A very active day indeed

By our standards, Thursday was absolutely frenetic–we actually accomplished four things. The Castle of St. George, a ferry ride across the Tagus River, the House of Spikes and the Cathedral of Lisbon are not too much for this intrepid couple. Of course, there were a few stops along the way for refreshments and a pretty good cheeseburger.

We walked up to the fort, which is just 10 minutes from our apartment. St. George’s Castle is imposing, dating all the way back to pre-Roman times. The museum inside the castle displays artifacts tracing the history of the location and its fortifications from the Phoenicians and Romans to the Moors and the Christians. Pottery shards and bits of coins (there’s a term for you) give an idea of daily life during each major period of occupation.

The Portuguese flag flies over the Castle of St. George in Lisbon.

Most of the castle is open space on the ground and lots and lots of steep, narrow steps up to the towers that offer expansive views of Lisbon and its surroundings. You can figure out why the Romans, Moors and Christians all wanted to use this location for defense. But mostly the fort is static, with areas that would benefit from some explanatory narrative.

Stairs so steep some people crab up and down.

An hour in the fort was plenty, so we walked all the way back past our apartment to the expansive Commercial Plaza for a bit of lunch and exploration. Our cheeseburger in a restaurant behind the plaza was just fine, washed down with the local beer.

We caught the ferry just in time.  The ticket operator refused my credit card, saying that only Portuguese credit cards were accepted. Dubious. I have never heard that before.

The ferry ride is pleasant if uneventful, as it crosses the wide Tagus River to the southern suburbs. The community across the river is dominated by several high rise apartments with little commercial activity. We had to disembark from the ferry and go back through the turnstiles for the return ride. As boat rides go, this one is fine but without significant interest. Still, at 5.10 euros, it’s worth the price of admission.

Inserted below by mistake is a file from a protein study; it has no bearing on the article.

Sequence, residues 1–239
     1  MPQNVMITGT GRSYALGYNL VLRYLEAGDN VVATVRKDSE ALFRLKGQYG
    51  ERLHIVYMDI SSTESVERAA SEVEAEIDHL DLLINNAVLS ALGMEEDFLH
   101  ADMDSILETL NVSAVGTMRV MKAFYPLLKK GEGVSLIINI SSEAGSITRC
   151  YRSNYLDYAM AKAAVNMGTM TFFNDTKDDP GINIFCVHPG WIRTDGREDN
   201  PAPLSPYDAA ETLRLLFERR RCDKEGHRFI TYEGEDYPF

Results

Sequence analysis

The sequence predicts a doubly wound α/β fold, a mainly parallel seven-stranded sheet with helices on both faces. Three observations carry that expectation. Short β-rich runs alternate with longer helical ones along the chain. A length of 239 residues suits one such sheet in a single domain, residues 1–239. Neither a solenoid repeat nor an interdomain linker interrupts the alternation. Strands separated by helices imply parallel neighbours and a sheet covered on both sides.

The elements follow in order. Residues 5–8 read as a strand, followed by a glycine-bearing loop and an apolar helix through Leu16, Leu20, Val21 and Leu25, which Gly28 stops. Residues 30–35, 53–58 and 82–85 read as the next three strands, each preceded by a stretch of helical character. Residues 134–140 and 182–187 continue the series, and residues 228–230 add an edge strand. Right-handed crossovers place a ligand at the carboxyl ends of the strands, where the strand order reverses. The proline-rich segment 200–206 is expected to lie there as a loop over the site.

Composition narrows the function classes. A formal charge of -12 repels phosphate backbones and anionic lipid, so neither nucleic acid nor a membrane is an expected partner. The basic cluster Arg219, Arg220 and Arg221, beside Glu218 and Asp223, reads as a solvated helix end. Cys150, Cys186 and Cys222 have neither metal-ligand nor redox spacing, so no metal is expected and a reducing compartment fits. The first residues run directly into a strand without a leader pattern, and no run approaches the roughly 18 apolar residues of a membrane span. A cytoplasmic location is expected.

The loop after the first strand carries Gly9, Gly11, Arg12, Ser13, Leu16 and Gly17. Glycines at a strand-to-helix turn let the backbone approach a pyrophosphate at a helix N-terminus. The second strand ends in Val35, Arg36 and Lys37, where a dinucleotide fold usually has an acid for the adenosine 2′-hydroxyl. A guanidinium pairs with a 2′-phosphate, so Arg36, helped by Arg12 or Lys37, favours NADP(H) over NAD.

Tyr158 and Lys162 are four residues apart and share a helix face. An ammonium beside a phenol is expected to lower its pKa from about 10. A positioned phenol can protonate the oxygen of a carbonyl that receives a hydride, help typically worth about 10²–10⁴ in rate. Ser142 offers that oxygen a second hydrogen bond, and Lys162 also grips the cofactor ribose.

Our next mission was to find and visit one of Lisbon’s signature house museums, the Casa dos Bicos or House of Spikes. It is so named because the facade is completely studded with pyramids of stone.

Part of the third floor loggia that makes the Casa dos Bicos facade resemble a Venetian palace. But those spikes!

We were concerned about finding the place until we realized that it is located on the very route we have walked at least a half dozen times between our apartment and the Commercial Plaza. We had never noticed, because we were picking our way through the rubble of riverfront construction and never looked up.

The House of Spikes, built in 1521 by the son of the viceroy of India, is one of the few structures that survived the earthquake of 1755. Well, mostly survived. The upper two floors of the four-story facade collapsed, and they were never rebuilt when the structure was restored. It was not until the early 1980s that the upper floors were rebuilt.

But the most interesting aspect of the building beyond its unique facade is the archeological display on the ground floor. The excavations are displayed underneath the floor and show several phases of development back to Roman times, when the site was used as a fish sauce production center. The details of that operation are best left to Google for yourself.